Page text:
By G9ija

FORMER Resident Electoral Commissioner, REC, of the Independent National Electoral, INEC, Mike Igini, yesterday, said all attempts by certain political parties to amend the 2022 Electoral Act ahead of the 2023 general elections will fail.

This was as he said the 2022 Electoral Act would dislodge unnecessary litigations by politicians to attain political positions, adding that the new electoral act bestows much powers on the people to decide who leads them.

Igini spoke at the 27th Anti-Corruption Situation Room, ACSR, organised by the Human and Environmental Development Agenda, HEDA, in Abuja.

According to him, by this electoral act many electoral anomalies will be halted and that is why there is moral everywhere. Even now, there has been an attempt for an amendment but you see you can not abort a pregnancy that has been delivered.

“INEC made a total of 91 proposals and only 48 were accepted by the National Assembly but did they even read what they accepted to us? Because the basis of the moral panic is that the reality of what has been passed is that power has been returned to the Nigerian people. This is my source of joy and one of the things that as I was leaving it, I said we will be leaving the place better than we met it because of the 2022 Electoral Act.

“If only the people are aware that power has been taken back to them, that the polling unit is now the centre of the universe in the electoral process. Elections are now won and lost at the polling unit, no longer at collation centres. It’s all over. This is the basis for the moral panic. today.

“Section 137 is to the effect that unlike before at the tribunal a party will say I have 300 witnesses that we want to invite. No more witnesses to be called again because the INEC election is purely documentary.

“Today, we spend more money at the tribunal than the normal election.We are going to end the business of election tribunals in this country and that is the direction INEC is going”, he added.

He said that from 2011 till date INEC had been investing massive resources in a bid to improve the country’s electoral process, adding that the 2023 general elections would not be business as usual.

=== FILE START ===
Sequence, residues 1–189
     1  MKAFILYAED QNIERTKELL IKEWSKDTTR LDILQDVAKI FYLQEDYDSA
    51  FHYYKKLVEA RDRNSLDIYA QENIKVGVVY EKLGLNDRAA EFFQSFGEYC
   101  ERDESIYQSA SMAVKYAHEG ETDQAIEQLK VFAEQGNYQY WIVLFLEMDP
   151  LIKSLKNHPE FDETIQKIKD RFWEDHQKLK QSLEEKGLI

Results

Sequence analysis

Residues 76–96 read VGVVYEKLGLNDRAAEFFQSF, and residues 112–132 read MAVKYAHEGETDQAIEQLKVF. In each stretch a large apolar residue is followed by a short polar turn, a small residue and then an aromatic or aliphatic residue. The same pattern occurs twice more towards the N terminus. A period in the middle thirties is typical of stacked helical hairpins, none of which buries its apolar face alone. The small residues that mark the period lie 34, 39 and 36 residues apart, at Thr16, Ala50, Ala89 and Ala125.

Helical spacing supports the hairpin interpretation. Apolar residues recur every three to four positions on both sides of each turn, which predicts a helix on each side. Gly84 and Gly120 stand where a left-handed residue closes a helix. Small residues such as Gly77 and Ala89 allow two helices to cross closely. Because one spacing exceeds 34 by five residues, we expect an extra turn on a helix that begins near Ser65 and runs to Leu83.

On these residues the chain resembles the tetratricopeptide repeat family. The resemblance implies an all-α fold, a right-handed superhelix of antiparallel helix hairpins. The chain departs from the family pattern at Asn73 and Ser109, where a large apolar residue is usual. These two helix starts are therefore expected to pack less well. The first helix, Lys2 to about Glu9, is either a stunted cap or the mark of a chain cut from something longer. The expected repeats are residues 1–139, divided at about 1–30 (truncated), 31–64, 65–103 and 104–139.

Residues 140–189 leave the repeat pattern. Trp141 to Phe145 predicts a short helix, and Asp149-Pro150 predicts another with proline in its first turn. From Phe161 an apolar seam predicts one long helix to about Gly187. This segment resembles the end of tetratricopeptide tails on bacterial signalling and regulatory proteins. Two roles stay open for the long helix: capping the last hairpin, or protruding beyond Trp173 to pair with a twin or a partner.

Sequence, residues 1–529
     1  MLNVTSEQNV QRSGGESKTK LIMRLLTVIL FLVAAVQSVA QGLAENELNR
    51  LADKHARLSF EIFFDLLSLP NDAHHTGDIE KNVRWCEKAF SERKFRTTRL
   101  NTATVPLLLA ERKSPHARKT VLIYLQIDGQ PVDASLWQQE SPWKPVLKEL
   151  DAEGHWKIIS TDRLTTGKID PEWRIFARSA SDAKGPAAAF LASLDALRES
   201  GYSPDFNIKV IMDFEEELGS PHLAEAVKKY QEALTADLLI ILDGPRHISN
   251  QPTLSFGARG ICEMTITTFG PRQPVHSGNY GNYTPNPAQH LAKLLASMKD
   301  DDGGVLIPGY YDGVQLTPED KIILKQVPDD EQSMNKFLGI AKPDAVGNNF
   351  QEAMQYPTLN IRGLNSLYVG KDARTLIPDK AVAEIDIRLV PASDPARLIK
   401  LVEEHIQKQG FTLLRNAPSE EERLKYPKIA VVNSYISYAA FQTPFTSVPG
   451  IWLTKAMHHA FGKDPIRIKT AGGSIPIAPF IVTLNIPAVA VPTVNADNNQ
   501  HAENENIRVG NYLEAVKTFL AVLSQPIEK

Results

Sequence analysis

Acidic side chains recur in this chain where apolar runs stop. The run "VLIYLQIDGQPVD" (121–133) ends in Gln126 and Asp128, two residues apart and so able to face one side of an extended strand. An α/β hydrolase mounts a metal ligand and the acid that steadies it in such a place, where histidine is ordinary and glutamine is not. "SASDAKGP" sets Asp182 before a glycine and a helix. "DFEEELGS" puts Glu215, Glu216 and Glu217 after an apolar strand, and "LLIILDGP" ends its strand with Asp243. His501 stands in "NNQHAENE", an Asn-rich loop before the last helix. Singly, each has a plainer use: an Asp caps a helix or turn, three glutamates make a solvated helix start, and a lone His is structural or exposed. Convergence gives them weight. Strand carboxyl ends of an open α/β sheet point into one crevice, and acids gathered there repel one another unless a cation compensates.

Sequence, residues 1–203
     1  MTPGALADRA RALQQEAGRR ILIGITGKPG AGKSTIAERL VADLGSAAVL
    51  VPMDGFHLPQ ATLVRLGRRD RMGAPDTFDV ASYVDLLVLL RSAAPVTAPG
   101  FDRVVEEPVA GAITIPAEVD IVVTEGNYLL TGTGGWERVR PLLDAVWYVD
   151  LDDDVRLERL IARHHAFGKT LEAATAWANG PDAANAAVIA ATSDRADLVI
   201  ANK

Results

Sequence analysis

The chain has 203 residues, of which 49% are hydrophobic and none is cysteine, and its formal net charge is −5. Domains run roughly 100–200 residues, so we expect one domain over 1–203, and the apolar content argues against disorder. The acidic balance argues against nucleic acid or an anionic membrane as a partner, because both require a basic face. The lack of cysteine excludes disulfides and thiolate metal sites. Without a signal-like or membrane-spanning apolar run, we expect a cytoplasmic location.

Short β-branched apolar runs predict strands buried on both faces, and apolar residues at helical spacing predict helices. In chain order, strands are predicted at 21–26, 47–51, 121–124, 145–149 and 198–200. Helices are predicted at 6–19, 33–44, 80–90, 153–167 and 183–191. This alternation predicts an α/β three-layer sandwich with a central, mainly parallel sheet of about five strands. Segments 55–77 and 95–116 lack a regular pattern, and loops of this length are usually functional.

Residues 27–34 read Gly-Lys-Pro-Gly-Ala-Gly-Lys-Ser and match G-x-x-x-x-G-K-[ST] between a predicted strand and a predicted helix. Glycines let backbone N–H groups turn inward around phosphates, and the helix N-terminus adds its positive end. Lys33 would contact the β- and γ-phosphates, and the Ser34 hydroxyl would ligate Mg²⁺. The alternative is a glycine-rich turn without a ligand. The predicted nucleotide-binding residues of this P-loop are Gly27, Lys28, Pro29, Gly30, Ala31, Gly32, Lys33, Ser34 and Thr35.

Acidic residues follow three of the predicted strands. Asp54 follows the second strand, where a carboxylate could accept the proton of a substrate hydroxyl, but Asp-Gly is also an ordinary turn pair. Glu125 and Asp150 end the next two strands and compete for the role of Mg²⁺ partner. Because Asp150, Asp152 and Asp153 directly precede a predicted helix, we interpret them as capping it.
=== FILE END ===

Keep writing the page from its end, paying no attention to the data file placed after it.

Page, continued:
He also said rigging of elections, and illegal purchase of Permanent Voter Cards, PVCs, would suffer setbacks in 2023 with the introduction of Bimodal Accreditation of Voters, BVAs.

“The question is how do you want to be remembered about the 2023 election. How do you want to be remembered? What kind of contribution do you want to make? Because I have given his background, what are the key issues is that today in this country there is anger in the land and there is also hunger in the land.

He, however, said that irrespective of the improvements the election had brought to the electoral system of the country, the citizens needed to complement them by being vigilant.

“Nigerians are fired up. The level of awareness today is different from what used to be before. Nigerians are looking up to 2023 as a magical year. Therefore, the serious caveats that I want to give out here is that all who have a role to play, you must play your role creditably because failure to do so. A failed election has huge consequences”, he said.

On his part, the chairman, HEDA Resource Centre, Olanrewaju Suraju, said: “The new electoral law that will guide the 2023 election will give us the opportunity to start challenging some of the developments that will be leading to the elections.

“We don’t actually need to wait until the day of the election before we start making some of the necessary public statements to guide both INEC, the security agencies, the political parties and the politicians.

“Some of the activities of the politicians exerts enormous pressure on the umpire and try to compromise them. But, the take home from here is that the election is not rigged only on election days. It happened before and we need to start identifying those stakeholders that are responsible for some of these atrocities and activities”, he added.